A New Jersey employee is suing her former employer for allegedly violating New Jersey’s anti-discrimination law and the Family and Medical Leave Act.
The employee, Andrea DeGerolamo, claims that her employer discriminated against her when it reneged on an agreement that would have allowed DeGerolamo to travel to and from work while avoiding rush-hour traffic, the stress of which aggravated DeGerolamo’s anxiety and depression.
DeGerolamo also claimed that after taking time off work to treat her medical conditions, she was given a poor performance review (her first), and her regular job responsibilities were replaced with clerical duties. DeGerolamo filed a complaint with her company’s ethics review board in May 2013. Later that month, and without getting a response from the ethics review board, DeGerolamo was fired.
At the company’s request, the lawsuit was moved from state to federal court.
Under the Family and Medical Leave Act (FMLA), employers are required to provide reasonable accommodation for employees with serious medical conditions. And, should an employee take a break from work to care for a sick family member or to care for himself because of his own serious medical condition, the employer is required to restore that employee to the same job or an equivalent upon his return from leave.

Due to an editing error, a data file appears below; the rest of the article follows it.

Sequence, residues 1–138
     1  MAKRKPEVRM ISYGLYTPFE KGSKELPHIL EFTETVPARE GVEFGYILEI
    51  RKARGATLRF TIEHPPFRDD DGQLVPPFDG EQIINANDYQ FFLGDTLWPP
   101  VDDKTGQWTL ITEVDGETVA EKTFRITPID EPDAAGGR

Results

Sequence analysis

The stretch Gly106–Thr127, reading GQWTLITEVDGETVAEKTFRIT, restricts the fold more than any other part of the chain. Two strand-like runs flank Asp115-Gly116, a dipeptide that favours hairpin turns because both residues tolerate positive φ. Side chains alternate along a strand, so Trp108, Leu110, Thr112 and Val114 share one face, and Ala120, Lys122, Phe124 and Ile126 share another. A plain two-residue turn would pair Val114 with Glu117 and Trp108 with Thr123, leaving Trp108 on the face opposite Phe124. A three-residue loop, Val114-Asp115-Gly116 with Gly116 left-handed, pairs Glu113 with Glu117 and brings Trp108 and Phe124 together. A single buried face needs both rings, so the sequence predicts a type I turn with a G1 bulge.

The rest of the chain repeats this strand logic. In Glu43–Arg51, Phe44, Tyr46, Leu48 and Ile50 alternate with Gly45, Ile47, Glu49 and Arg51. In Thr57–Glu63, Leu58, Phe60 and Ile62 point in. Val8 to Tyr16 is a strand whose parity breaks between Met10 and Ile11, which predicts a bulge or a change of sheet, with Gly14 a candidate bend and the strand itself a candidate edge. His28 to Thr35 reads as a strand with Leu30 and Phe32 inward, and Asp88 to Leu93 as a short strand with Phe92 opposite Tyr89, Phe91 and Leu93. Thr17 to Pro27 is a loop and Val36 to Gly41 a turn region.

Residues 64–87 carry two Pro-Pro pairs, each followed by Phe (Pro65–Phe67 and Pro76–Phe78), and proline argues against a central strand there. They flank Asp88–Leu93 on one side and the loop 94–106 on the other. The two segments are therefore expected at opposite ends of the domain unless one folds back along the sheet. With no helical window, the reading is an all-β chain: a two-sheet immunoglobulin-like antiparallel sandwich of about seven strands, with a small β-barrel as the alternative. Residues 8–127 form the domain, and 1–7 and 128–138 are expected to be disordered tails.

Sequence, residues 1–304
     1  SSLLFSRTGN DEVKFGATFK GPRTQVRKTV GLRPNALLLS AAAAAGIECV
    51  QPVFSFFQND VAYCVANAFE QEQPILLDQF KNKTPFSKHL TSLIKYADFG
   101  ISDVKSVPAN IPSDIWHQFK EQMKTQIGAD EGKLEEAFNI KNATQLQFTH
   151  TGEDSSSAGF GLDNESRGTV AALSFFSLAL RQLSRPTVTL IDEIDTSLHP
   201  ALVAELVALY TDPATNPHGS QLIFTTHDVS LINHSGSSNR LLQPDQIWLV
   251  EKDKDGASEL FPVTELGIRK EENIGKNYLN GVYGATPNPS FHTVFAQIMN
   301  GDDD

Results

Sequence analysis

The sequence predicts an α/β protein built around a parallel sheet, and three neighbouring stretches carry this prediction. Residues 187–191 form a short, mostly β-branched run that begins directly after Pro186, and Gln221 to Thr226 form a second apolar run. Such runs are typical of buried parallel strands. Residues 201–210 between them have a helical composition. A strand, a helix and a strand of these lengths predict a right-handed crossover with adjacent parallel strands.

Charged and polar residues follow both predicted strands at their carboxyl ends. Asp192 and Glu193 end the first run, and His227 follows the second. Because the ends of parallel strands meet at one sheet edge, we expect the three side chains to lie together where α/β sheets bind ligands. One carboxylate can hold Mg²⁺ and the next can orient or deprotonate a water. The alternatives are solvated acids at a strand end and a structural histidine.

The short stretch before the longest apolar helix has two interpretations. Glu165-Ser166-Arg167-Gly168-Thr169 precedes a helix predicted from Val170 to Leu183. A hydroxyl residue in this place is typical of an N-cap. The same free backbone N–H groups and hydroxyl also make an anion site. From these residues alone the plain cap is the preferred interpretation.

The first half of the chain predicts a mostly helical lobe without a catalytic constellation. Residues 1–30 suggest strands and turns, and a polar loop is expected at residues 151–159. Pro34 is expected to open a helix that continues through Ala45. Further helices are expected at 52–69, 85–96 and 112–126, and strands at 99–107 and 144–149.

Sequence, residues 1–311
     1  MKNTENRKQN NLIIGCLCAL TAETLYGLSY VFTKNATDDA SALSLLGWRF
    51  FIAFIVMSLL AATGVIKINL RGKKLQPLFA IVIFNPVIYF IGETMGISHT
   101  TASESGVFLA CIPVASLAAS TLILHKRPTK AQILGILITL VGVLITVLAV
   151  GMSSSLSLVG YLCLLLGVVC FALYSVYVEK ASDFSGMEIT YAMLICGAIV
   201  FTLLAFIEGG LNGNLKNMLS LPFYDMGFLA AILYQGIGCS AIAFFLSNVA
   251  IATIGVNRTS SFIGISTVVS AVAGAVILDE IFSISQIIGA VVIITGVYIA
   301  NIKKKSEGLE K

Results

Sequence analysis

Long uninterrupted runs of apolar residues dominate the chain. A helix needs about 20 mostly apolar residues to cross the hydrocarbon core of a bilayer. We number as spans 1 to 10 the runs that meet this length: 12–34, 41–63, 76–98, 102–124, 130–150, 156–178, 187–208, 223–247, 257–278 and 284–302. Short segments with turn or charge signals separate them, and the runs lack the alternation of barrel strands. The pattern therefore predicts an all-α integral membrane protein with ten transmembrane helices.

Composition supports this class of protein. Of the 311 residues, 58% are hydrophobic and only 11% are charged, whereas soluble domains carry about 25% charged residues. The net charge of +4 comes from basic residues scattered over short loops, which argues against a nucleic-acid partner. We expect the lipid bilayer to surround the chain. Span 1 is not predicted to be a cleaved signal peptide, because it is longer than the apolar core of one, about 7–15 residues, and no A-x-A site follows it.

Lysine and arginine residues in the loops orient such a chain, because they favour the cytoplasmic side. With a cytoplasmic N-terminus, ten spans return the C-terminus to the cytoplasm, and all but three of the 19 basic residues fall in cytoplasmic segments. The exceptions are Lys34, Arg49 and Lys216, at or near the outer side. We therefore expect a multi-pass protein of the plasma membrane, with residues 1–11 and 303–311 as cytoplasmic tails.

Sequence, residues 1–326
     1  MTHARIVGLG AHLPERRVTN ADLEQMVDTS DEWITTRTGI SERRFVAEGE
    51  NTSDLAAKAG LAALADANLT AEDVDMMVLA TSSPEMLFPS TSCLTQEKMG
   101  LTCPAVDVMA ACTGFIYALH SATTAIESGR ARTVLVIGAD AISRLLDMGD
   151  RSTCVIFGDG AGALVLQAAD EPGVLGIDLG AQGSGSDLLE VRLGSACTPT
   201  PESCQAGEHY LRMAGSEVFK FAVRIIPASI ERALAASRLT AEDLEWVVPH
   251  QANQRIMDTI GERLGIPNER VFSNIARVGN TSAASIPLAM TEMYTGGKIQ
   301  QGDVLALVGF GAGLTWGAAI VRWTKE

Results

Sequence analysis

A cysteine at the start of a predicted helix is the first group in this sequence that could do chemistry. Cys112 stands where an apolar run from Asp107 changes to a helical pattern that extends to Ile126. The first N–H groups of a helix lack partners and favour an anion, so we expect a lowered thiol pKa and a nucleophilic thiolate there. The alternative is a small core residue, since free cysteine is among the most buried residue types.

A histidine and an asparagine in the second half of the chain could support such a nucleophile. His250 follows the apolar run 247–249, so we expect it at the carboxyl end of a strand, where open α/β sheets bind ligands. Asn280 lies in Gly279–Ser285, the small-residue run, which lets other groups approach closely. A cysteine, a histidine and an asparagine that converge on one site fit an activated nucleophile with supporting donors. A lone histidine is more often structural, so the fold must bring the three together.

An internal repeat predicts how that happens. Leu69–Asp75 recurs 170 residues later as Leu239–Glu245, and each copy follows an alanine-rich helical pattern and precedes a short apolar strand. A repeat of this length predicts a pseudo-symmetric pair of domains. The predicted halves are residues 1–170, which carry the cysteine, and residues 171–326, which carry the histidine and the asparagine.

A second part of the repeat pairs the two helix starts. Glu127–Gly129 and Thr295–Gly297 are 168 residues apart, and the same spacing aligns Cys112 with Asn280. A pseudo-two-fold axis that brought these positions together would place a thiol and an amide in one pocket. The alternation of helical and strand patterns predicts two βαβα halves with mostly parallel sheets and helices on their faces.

What can employers learn from this complaint?
Well, that might be a little hard to say. It’s early days yet, and the employer isn’t talking.
However, a few things do jump out at me.
- Timing is everything. If there’s one thing I’ve learned from reading this stuff over the years, it’s that courts are generally very sensitive to timing. First bad performance review comes after taking a protected leave? Hmmm … Yes, DeGerolamo’s performance could have declined in recent months, and yes her previous reviews could have been less than forthright. But honestly? It looks bad.
- The flip flop is a no-no. Employer, don’t agree to something (in this case DeGerolamo’s new schedule) and then do an about face without explanation. Again, it looks bad. Your organization might be disorganized as can be, with someone agreeing to something he had no authority to agree to, but outside parties won’t care about that. Your dysfunction, your problem. If you make a deal, stick to it unless you’re prepared to present compelling (nondiscriminatory) evidence for the change.
- Abandon your policies at your peril. Firing someone who files an internal complaint before responding to the complaint? I can’t think of too many good reasons to do that. I mean, sure … if, while investigating the complaint you coincidentally discover the employee has committed some egregious act against the company, then okay, you probably have grounds to terminate. But otherwise, see your process through before making your next move. It’s good sense.
And finally, here’s my personal motto when it comes to accommodation requests—if you can, do. It saves a lot of headaches.
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